If you’re thinking of entering competitions in FS, it’s worth noting that judges prefer simpler suit colours and need to be able to clearly see the grips of your suit and your teammates gloves against them – so while it’s not a ‘rule’ as such, it’s best to steer clear of too many complex patterns and bright colours for a competitive FS suit. But if not competing, go wild! There are so many options for suit colours, patterns and variations that you really can let your personality shine through!

3. Understanding FF suits

Your FF suit can be quite basic, or more advanced, depending on your needs. As a starting point, a simple ‘boiler suit’ style will suffice but the materials you choose and where those materials are used will have an effect on the way you are able to fly.

The fit of your suit will also make a difference. For someone who falls slower than average, as with FS suits, a tighter fit will support a faster fall rate but can also make it more difficult to achieve the desired body position due to a lack of drag (or a lack of drag ‘benefit’). For people just starting out, the drag of a suit can have benefitting effects on your body position but it is dependent on your body shape and style.

Speak to an FF coach to get the best advice on the right suit style for you.

Jedi freefly suit

When it comes to manufacturers, the same applies as it does to FS – there are different benefits to all manufacturers so it’s worth looking around and speaking to a coach to find out if one manufacturer’s style is better suited to your needs.

Again, you could opt for a second hand suit if you’re not sure yet, and then invest more once you’re confident in your FF flying style and ambitions.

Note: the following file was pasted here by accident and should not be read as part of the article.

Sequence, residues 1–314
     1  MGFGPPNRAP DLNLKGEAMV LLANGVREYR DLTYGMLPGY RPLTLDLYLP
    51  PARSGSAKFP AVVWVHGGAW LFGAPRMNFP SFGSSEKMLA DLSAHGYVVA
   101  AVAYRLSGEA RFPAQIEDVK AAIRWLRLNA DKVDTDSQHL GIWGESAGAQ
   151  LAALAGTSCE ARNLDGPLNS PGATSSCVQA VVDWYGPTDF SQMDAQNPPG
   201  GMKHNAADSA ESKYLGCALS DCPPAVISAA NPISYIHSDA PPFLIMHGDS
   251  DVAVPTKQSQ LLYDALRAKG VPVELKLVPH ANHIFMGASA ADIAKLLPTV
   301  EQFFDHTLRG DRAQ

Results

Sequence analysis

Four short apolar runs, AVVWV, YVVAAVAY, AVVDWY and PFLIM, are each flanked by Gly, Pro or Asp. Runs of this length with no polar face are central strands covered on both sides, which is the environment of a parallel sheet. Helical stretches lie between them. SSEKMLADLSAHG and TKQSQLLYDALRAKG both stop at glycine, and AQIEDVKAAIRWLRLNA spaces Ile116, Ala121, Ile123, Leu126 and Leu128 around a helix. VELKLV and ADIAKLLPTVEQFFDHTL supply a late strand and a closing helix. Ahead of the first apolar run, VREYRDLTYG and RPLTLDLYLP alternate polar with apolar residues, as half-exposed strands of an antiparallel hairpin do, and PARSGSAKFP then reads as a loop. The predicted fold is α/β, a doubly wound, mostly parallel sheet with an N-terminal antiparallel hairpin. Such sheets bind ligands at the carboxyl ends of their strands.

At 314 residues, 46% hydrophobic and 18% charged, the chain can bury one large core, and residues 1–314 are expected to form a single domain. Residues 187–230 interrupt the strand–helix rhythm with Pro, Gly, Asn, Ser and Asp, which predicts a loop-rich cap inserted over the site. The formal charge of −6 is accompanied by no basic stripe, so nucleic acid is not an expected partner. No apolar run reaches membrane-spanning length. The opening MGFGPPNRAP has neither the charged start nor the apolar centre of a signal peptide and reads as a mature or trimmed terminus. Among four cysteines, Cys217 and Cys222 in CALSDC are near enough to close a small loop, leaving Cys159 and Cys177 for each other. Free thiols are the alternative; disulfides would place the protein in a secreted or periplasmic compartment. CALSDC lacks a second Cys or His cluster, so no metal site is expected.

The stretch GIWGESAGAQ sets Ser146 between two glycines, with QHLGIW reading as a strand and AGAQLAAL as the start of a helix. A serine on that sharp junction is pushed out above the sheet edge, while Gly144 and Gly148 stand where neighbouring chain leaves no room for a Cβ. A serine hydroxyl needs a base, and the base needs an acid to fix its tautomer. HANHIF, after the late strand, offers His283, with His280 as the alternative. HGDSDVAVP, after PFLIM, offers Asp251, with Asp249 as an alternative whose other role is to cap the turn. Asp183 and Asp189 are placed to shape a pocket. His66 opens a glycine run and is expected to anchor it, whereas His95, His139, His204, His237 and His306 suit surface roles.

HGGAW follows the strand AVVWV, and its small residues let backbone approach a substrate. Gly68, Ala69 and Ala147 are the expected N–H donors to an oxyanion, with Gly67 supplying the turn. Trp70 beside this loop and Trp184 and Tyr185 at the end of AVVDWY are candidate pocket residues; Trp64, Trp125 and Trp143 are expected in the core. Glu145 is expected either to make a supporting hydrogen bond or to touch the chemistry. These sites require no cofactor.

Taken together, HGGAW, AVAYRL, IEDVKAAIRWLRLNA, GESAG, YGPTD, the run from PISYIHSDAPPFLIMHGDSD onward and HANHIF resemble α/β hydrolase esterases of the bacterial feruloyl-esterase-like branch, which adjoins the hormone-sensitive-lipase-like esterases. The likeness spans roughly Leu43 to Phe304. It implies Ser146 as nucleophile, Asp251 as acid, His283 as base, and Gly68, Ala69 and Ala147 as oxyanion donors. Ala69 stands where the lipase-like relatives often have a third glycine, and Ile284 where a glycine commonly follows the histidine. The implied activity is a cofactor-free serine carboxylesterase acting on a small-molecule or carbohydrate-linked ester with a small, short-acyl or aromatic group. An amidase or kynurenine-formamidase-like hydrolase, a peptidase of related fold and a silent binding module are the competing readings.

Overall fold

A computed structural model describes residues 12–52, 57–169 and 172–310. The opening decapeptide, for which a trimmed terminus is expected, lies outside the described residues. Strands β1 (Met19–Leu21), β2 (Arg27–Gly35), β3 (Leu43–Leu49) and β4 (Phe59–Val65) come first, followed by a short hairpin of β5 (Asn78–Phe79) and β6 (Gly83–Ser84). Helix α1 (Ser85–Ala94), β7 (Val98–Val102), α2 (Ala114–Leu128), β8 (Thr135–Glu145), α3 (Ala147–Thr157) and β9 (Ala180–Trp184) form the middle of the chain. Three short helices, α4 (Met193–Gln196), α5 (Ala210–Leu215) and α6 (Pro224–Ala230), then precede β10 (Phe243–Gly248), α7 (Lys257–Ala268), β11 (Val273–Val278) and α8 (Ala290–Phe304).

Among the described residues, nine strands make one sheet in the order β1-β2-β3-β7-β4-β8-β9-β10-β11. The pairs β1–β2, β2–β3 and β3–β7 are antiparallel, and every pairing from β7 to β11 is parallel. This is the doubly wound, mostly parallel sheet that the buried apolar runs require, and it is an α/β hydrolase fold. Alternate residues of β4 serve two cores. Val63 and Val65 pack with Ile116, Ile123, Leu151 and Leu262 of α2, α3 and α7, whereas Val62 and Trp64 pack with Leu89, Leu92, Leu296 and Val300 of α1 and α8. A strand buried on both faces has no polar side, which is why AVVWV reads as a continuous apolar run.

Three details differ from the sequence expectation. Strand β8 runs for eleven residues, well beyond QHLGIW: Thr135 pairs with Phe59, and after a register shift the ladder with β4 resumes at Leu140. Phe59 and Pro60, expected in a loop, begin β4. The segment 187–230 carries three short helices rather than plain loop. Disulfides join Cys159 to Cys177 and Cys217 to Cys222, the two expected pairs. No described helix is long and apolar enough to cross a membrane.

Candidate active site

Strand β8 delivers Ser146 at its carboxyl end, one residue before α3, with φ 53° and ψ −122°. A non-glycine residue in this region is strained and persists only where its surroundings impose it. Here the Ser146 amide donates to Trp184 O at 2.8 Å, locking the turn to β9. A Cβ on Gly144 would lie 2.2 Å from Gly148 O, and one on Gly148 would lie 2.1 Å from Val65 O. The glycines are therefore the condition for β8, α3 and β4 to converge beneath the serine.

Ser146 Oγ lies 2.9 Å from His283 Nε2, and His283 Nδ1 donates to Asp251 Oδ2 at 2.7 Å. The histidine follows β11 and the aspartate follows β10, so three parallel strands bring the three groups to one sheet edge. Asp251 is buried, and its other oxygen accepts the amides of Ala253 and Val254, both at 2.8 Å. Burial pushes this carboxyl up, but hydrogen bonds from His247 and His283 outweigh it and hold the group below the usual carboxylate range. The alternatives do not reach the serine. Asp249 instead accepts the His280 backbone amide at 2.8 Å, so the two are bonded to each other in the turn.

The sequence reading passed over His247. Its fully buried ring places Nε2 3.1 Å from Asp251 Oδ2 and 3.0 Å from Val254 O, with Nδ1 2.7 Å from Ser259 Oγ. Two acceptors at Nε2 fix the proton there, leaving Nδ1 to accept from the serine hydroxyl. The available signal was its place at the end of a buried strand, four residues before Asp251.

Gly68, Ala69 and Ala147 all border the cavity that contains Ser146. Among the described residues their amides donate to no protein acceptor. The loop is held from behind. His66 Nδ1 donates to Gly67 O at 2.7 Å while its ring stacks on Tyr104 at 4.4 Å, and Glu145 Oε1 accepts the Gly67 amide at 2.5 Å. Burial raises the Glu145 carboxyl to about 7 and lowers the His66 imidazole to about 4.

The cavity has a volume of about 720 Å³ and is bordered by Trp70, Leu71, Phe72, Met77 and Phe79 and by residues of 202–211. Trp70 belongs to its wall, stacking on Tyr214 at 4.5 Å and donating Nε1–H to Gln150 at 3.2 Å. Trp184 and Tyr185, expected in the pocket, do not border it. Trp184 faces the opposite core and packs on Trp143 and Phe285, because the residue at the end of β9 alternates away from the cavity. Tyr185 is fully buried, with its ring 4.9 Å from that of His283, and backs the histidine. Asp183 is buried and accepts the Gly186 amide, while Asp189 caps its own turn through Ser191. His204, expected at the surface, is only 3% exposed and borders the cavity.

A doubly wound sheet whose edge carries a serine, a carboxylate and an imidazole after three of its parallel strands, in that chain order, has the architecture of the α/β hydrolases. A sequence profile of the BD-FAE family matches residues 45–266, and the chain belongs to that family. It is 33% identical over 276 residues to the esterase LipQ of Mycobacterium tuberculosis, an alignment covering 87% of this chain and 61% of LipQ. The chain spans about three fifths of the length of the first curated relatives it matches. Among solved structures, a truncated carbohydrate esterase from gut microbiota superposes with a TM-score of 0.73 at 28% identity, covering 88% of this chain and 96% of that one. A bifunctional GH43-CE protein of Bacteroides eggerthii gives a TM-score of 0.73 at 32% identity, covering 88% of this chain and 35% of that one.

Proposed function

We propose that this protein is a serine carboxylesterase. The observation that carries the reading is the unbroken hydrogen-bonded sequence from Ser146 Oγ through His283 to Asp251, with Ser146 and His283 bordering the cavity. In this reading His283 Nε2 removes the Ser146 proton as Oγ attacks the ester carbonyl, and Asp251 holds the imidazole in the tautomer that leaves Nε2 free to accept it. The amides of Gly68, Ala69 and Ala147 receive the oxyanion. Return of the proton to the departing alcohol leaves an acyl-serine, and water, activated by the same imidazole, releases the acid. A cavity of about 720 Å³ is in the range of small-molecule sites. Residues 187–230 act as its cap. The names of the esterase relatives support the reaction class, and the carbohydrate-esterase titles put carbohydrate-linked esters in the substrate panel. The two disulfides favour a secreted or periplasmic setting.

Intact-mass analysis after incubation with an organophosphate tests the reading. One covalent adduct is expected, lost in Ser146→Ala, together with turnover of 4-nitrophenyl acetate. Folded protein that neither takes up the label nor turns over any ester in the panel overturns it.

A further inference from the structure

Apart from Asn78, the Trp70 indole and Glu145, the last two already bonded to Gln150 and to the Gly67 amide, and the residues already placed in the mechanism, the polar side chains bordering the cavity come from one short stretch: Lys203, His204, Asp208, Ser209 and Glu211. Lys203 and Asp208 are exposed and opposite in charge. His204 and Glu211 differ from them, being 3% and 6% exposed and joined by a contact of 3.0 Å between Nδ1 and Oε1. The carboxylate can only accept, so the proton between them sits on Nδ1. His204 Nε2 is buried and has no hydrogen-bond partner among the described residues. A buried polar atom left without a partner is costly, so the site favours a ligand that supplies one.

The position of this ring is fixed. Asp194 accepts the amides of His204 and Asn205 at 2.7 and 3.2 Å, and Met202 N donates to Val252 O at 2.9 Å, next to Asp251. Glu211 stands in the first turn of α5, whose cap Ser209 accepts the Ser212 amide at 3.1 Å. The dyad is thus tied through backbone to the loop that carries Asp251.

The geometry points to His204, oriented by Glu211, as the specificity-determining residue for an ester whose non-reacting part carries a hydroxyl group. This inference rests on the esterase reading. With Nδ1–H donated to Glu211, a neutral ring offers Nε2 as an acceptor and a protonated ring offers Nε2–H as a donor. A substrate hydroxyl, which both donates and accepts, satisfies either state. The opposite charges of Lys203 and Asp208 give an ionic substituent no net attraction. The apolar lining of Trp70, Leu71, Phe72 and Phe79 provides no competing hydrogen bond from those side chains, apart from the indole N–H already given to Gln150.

4. New suit or second hand?

You can choose to buy a brand new jumpsuit, the benefits of which include:

  • Getting the perfect fit for you
  • Getting the right materials for you
  • Getting the right style for you
  • Being able to choose your own colours and look to reflect your personality

Generally speaking, a new suit will cost you anything from around £200 upwards, depending on the manufacturer and the choices you make. Buying from a country like America will also incur import fees and should be considered in your calculations.

Having your own brand new suits means you can have it specifically made for you, as all suits are bespoke, and can therefore be confident in knowing you’re learning to fly with the best possible equipment.

Pro Fly Suit, by Alex Potter

With that said, it is possible to find a suit which fits you well but isn’t brand new – or you can adjust it. The second hand market in the UK is very strong and you can still get some really good deals – especially at places like Langar where teams tend to train a lot as a competitive team might invest in (or be sponsored with) new suits annually and therefore have good quality suits to sell.